Blending contemporary and traditional perspectives, this groundbreaking work offers guidance on the profound foundational practices of the Great Perfection. It contains classic commentaries by the renowned Tibetan masters Jigme Lingpa and Jamyang Khyentse Wangpo, alongside a lively contemporary discussion by filmmaker, author, and spiritual teacher Dzongsar Jamyang Khyentse that discusses how to incorporate these ancient practices into the fast-paced lifestyle of the Western world. Also included are a lengthy introduction to the world of Tibetan Buddhism and its meditative practices, as well as the long and short preliminary practice liturgies and numerous appendices on the nine yanas and other topics.
The ngöndro or preliminary practice is treasured in the Ancient School of Tibetan Buddhism as vital for effecting a profound inner transformation and as a foundation for the very highest teachings of the Great Perfection, or Dzogchen. In particular, the Longchen Nyingtik ngöndro—revealed by the great saint Jigme Lingpa following a series of visions in which he was blessed by the omniscient Longchen Rabjam and received the transmission of his wisdom mind—has long been cherished by followers of all traditions on account of its power, depth, and poetic beauty.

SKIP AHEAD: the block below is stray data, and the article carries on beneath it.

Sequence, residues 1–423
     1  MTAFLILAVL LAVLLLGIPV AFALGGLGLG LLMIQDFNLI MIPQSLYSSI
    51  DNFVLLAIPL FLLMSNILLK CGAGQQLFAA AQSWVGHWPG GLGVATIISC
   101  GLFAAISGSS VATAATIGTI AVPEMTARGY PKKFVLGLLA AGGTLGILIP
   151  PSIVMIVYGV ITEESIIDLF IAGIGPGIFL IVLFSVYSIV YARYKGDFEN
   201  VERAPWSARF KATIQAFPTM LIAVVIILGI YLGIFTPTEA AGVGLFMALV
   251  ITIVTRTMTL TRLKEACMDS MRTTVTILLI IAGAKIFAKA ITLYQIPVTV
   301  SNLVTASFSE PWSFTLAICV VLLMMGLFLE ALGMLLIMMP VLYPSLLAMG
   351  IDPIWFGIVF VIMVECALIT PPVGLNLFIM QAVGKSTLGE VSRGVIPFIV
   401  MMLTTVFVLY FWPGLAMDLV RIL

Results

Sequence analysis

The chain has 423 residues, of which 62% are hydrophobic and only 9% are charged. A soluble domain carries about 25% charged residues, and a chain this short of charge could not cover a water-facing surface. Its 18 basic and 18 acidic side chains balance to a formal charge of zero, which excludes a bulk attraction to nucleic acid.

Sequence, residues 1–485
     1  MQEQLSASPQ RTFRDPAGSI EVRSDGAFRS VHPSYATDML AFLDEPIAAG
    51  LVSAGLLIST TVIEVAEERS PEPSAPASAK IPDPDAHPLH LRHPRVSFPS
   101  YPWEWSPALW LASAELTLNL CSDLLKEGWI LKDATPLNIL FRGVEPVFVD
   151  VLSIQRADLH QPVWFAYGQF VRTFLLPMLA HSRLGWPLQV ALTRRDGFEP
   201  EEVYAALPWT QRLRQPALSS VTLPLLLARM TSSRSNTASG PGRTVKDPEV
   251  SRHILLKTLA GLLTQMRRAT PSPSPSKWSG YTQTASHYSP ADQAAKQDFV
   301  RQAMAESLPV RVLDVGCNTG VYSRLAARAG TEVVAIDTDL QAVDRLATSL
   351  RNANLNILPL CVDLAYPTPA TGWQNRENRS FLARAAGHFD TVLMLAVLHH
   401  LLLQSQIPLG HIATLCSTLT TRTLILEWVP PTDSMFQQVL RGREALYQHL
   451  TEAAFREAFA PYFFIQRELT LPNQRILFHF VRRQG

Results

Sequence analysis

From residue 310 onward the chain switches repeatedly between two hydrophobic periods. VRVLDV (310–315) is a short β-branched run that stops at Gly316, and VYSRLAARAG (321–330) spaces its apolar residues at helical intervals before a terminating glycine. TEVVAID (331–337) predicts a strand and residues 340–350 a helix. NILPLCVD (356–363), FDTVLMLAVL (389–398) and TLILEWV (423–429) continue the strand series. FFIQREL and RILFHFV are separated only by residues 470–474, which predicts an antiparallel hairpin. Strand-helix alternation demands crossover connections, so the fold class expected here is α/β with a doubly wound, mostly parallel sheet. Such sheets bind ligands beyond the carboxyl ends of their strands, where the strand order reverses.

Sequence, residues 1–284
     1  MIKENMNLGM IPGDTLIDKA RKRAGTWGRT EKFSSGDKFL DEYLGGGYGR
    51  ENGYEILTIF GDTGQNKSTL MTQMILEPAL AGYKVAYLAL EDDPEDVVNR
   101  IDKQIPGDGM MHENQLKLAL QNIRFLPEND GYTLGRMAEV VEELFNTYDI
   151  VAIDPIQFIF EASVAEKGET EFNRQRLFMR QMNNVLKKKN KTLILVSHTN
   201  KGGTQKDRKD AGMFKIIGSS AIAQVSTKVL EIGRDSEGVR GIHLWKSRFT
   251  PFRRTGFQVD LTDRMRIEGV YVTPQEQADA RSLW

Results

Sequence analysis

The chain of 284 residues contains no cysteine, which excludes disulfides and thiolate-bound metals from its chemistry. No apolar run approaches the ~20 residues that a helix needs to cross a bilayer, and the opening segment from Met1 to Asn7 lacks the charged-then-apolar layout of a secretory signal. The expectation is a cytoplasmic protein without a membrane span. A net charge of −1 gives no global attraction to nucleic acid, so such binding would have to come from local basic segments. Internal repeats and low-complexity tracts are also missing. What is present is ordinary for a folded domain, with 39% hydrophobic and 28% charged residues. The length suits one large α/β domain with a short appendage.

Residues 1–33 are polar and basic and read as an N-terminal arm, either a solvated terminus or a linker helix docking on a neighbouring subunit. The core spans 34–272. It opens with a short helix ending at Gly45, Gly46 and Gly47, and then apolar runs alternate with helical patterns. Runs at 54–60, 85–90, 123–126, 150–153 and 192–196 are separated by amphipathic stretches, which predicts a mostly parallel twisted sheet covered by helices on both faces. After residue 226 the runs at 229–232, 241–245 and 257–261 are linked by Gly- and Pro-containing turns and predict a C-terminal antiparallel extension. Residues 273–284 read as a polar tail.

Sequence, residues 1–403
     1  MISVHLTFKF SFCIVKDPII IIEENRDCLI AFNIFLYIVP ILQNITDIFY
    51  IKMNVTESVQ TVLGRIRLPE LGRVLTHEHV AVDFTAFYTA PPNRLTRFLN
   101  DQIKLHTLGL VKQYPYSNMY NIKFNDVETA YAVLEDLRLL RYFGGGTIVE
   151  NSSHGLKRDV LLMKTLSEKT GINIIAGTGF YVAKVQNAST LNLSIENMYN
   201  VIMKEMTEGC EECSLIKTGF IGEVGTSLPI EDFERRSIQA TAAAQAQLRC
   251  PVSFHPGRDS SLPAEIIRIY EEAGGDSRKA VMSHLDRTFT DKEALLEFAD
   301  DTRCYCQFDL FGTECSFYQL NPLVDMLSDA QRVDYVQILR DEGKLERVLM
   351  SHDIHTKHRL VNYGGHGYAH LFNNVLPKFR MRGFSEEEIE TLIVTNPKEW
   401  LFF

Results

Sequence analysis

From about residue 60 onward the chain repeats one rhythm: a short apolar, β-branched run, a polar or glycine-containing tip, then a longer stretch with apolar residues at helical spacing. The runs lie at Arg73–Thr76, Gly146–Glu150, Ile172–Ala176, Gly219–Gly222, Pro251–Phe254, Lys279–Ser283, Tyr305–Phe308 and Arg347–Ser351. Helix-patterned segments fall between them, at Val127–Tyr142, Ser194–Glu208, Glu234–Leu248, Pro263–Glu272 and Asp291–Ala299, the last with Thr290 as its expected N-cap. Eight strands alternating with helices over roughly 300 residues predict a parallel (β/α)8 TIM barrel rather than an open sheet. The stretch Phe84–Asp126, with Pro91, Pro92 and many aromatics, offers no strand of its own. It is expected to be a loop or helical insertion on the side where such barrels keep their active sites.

"Now in this inspiring book with Jigmé Lingpa's original commentary alongside Dzongsar Khyentse Rinpoche's brilliant and practical guide, we have a perfect blend of ancient and modern, offering us nothing less than a path to enlightenment as relevant and effective today as ever before."—Sogyal Rinpoche, author of The Tibetan Book of Living and Dying
"A thoroughly accessible and highly recommended resource for anyone intrigued to learn more about Tibetan Buddhism."—Midwest Book Review
"Dahl offers a valuable contribution for those engaging in this practice. . . . Dahl writes with the humility that characterizes the best translations and with an eye to the balance of accuracy and readability. The book makes a strong case for approaching the Buddhist path in a holistic way."—Buddhadharma: The Practitioner’s Quarterly"These preliminary practices found in all the Tibetan traditions provide a solid foundation for tantric practice. They consist of initial and continuing study, reflection, and meditation on the preciousness and uniqueness of human existence, impermanence, Karma, and the causal dependencies."—The Middle Way, the Buddhist Society's quarterly journal